According to the BBC, thousands of people across South East Asia have been trafficked to Cambodia, Myanmar and Thailand where they are forced to work in online scam centers known as “fraud factories”.
“I knew then I had come to the wrong place”
Victims report accepting attractive work offers abroad but having their passports taken on arrival and forced into crypto fraud, money laundering and illegal gambling.
Yang Weibin decided to travel from Taiwan to Cambodia after he saw a job advertisement for a telesales role that would help him support his family. He was met at the airport by a group of men who took him to a bare house and told him he was not allowed to leave. Weibin said, “I knew then I had come to the wrong place, that this was a very dangerous situation”.
He spent 58 days in captivity before managing to escape from the compound where he was being held and returning to Taiwan with support from anti-scam activists.
Threatened with violence
Many other young people like Weibin have similar experiences and endured torture and abuse from their captors. Chi Tin who was trafficked from Vietnam explained his ordeal: “I was forced to make 15 friends every day and entice them to join online gambling and lottery websites… of these, I had to convince five people to deposit money into their gaming accounts. […] The manager told me to work obediently, not to try to escape or resist or I will be taken to the torture room… Many others told me if they did not meet the target, they would be starved and beaten.”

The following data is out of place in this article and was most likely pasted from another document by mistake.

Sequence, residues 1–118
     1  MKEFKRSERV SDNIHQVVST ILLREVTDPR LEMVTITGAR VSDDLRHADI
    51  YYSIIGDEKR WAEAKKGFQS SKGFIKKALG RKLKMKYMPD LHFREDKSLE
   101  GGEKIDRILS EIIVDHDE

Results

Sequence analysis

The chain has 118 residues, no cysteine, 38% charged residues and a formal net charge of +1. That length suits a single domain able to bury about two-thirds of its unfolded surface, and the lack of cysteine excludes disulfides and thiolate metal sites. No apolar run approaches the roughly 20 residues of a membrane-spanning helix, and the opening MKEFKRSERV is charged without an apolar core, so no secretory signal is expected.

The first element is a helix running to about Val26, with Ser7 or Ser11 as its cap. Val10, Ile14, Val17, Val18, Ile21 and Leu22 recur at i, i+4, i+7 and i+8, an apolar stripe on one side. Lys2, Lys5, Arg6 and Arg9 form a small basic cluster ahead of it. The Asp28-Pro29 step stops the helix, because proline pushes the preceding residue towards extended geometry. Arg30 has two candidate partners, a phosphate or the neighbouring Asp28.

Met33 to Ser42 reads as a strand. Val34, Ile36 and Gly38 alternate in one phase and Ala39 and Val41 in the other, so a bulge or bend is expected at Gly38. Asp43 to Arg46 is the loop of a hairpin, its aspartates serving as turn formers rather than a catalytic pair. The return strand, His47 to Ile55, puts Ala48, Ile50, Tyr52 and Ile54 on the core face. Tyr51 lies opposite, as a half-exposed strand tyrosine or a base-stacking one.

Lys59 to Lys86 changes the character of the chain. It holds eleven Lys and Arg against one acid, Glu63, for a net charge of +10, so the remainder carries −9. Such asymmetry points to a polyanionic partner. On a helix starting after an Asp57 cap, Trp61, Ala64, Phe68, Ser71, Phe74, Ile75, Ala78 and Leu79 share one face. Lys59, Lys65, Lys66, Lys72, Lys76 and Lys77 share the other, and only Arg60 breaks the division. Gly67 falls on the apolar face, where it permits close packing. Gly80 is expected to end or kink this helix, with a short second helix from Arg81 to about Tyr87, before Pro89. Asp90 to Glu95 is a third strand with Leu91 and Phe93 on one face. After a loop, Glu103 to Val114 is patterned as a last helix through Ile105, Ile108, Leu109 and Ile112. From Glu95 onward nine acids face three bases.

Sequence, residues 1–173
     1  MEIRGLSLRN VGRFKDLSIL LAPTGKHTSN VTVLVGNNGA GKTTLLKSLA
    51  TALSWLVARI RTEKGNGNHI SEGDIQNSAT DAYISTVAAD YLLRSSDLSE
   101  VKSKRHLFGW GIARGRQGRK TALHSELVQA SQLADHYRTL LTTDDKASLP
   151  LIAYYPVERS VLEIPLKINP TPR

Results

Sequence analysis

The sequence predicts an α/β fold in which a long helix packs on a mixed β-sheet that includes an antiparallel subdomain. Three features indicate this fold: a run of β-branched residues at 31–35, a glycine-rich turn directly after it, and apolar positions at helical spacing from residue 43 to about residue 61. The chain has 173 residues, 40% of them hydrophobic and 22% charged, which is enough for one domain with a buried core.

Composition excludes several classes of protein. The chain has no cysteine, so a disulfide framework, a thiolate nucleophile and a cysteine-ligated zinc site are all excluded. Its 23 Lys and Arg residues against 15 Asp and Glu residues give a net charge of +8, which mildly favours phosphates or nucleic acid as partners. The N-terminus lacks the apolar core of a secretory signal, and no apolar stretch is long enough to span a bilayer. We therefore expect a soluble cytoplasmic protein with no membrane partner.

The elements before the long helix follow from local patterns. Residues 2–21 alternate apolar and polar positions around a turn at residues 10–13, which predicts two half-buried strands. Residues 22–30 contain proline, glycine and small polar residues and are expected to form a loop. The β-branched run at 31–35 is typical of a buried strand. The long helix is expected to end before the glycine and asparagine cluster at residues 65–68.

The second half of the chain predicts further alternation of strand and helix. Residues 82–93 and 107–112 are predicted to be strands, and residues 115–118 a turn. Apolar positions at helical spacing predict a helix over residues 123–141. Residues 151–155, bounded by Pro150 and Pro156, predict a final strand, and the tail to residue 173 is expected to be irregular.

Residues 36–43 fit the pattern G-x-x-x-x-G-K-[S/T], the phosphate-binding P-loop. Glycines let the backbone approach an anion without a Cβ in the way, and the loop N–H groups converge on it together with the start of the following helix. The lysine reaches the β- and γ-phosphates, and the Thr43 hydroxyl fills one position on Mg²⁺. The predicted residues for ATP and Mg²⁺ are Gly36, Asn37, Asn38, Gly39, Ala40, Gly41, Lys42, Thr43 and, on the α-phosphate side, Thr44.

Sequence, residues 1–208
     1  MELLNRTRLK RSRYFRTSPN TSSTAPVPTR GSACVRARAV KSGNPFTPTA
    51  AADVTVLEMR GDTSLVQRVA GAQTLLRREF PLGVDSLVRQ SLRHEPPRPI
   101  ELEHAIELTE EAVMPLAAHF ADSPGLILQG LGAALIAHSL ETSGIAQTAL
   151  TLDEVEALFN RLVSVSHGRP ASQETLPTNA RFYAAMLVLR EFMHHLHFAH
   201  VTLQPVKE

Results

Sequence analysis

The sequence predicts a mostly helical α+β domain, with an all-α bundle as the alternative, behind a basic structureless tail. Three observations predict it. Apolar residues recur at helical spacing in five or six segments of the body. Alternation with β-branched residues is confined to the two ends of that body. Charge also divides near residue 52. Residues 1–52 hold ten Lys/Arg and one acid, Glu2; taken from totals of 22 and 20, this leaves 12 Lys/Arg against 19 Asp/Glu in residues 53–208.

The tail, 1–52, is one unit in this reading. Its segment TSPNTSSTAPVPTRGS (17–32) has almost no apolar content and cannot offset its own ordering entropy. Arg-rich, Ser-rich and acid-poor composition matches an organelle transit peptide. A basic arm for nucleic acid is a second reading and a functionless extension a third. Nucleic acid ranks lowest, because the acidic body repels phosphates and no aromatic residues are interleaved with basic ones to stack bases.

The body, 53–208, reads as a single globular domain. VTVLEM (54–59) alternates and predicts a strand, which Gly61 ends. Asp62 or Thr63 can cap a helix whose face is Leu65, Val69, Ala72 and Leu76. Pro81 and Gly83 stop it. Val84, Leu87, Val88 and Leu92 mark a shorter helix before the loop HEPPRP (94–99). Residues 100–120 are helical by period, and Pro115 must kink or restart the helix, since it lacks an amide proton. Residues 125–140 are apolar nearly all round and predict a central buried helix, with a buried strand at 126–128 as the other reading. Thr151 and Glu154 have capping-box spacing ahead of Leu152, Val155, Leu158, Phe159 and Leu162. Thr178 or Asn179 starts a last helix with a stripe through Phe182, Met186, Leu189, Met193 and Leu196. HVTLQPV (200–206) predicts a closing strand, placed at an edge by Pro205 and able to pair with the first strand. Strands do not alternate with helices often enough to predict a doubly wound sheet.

The BBC reports:
In the meantime many countries have launched public education campaigns to raise awareness of the scams.
Some have introduced screening for people leaving for South East Asian destinations, for example by stationing police at airports to ask people about their reasons for travel. Last month, Indonesian officials stopped multiple private flights chartered to ferry hundreds of workers to Cambodia’s Sihanoukville.
Groups of volunteers helping victims escape and return home, such as Gaso, have also sprung up in several countries. Some of these volunteers are former victims themselves – like Weibin.
Greater support for victims is needed
However, authorities’ efforts to prevent people from travelling and seeking work is not a solution to trafficking and exploitation. The economic necessity to find work remains, and making it harder for people to travel will only force people to take more dangerous routes abroad.
Peppi Kiviniemi-Siddiq, a specialist in Asia-Pacific migrant protection with the UN’s International Organization for Migration said “some of these governments need to update their trafficking laws, have necessary support systems for individuals”.